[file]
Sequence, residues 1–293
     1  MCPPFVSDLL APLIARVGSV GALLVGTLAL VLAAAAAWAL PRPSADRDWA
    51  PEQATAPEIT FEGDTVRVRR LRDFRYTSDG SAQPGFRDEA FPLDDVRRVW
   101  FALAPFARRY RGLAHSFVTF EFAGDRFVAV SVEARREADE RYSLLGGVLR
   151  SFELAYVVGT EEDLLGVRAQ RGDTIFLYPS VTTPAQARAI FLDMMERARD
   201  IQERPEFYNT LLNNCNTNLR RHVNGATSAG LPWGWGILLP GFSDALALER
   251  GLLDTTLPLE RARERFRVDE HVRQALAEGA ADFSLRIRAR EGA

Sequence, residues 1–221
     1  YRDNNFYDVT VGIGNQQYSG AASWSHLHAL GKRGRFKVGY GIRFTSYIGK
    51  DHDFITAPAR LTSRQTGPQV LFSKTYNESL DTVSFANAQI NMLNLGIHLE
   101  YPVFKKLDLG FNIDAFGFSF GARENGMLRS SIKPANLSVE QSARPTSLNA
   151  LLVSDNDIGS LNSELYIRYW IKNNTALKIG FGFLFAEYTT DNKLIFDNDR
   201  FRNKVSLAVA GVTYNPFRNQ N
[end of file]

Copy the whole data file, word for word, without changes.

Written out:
Sequence, residues 1–293
     1  MCPPFVSDLL APLIARVGSV GALLVGTLAL VLAAAAAWAL PRPSADRDWA
    51  PEQATAPEIT FEGDTVRVRR LRDFRYTSDG SAQPGFRDEA FPLDDVRRVW
   101  FALAPFARRY RGLAHSFVTF EFAGDRFVAV SVEARREADE RYSLLGGVLR
   151  SFELAYVVGT EEDLLGVRAQ RGDTIFLYPS VTTPAQARAI FLDMMERARD
   201  IQERPEFYNT LLNNCNTNLR RHVNGATSAG LPWGWGILLP GFSDALALER
   251  GLLDTTLPLE RARERFRVDE HVRQALAEGA ADFSLRIRAR EGA

Sequence, residues 1–221
     1  YRDNNFYDVT VGIGNQQYSG AASWSHLHAL GKRGRFKVGY GIRFTSYIGK
    51  DHDFITAPAR LTSRQTGPQV LFSKTYNESL DTVSFANAQI NMLNLGIHLE
   101  YPVFKKLDLG FNIDAFGFSF GARENGMLRS SIKPANLSVE QSARPTSLNA
   151  LLVSDNDIGS LNSELYIRYW IKNNTALKIG FGFLFAEYTT DNKLIFDNDR
   201  FRNKVSLAVA GVTYNPFRNQ N